Family Law Questions? Ask a Family Lawyer Online.
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The Affordable Care Act (ACA) doesn't require employers to cover spouses in their health insurance plans, just dependent children. So they are not in violation of the ACA. However, it sounds unreasonable for the employer to require tax returns with both of our names and same address on the returns. Some couples file returns "married by filing separately". The marriage certificate is a reasonable requirement. Since you are required to keep him covered by court order, you may want to have an attorney write a letter to your employer requesting that they put him back on the insurance. Also, you may want to find out about filing an appeal with the insurance company. In additions to that, you may want to file a motion with the court to ask for a modification of the court order because you do not have the insurance available for your spouse at this time through your employer. You will be responsible for keeping him covered until the final divorce decree is entered and you don't want to be held in violation of the court order. I hope this helps.
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When the court entered that order, they probably assumed you were able to keep him covered through your employer. Yes, in some cases, some employers treat separation the same as divorce and it is not illegal for the employer to do so. If that is their policy, then you do not have the coverage available through your employer for him and you must get the court to modify the order so that you are not held in violation of the court order. I hope this answers your question.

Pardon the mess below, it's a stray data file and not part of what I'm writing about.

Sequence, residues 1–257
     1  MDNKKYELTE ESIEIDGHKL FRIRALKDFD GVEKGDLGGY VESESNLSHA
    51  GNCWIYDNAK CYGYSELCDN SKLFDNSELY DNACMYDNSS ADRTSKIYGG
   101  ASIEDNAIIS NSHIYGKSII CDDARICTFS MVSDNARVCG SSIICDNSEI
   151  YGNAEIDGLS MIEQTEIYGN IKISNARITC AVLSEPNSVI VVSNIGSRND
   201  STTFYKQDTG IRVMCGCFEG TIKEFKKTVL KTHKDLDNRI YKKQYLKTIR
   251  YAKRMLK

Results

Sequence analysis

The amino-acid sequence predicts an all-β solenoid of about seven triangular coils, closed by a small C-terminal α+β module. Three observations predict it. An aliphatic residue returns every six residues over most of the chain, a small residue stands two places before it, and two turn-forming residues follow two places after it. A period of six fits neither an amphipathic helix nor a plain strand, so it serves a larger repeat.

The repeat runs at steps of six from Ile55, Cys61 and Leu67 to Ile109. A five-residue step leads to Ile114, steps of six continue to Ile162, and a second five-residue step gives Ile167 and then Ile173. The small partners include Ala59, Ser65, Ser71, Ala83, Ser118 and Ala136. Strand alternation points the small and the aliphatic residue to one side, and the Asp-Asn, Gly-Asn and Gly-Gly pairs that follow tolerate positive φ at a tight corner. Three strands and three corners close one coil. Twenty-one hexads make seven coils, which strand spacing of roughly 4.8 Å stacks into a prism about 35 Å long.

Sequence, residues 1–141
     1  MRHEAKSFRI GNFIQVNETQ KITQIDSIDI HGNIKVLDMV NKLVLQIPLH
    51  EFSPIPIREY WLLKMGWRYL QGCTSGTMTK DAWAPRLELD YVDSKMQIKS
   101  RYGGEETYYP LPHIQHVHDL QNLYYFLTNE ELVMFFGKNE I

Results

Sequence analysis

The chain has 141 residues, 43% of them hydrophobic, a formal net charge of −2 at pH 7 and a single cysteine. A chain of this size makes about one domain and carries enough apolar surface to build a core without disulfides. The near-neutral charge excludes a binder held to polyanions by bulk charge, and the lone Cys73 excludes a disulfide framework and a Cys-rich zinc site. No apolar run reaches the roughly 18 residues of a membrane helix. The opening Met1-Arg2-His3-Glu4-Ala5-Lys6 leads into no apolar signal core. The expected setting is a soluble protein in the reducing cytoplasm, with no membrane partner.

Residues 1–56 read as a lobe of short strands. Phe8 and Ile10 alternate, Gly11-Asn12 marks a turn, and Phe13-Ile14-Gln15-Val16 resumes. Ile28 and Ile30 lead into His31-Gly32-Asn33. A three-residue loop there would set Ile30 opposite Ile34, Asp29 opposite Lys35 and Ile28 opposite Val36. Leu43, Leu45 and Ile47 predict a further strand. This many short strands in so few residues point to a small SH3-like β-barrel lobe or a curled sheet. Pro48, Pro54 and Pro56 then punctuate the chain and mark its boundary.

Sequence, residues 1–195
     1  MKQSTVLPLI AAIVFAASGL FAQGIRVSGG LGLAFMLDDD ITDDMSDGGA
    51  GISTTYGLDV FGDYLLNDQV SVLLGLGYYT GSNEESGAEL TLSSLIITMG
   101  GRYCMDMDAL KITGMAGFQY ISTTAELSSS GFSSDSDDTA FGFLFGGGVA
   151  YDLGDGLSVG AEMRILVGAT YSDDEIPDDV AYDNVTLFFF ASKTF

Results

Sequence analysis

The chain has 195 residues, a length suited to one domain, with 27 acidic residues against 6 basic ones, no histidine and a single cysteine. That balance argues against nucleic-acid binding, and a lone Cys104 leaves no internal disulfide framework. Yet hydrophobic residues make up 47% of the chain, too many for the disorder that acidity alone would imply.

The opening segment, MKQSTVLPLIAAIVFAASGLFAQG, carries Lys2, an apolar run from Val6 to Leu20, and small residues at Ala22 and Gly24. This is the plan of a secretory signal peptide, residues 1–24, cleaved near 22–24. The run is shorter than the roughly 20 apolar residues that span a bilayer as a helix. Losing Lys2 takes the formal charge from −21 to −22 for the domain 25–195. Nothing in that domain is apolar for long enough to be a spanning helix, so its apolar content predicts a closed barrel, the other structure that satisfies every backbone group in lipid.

Also, please keep in mind that your spouse will still be eligible for the same insurance coverage under the COBRA act for a period of up to 36 months. The court will have to determine who will be responsible for the premium for such coverage.
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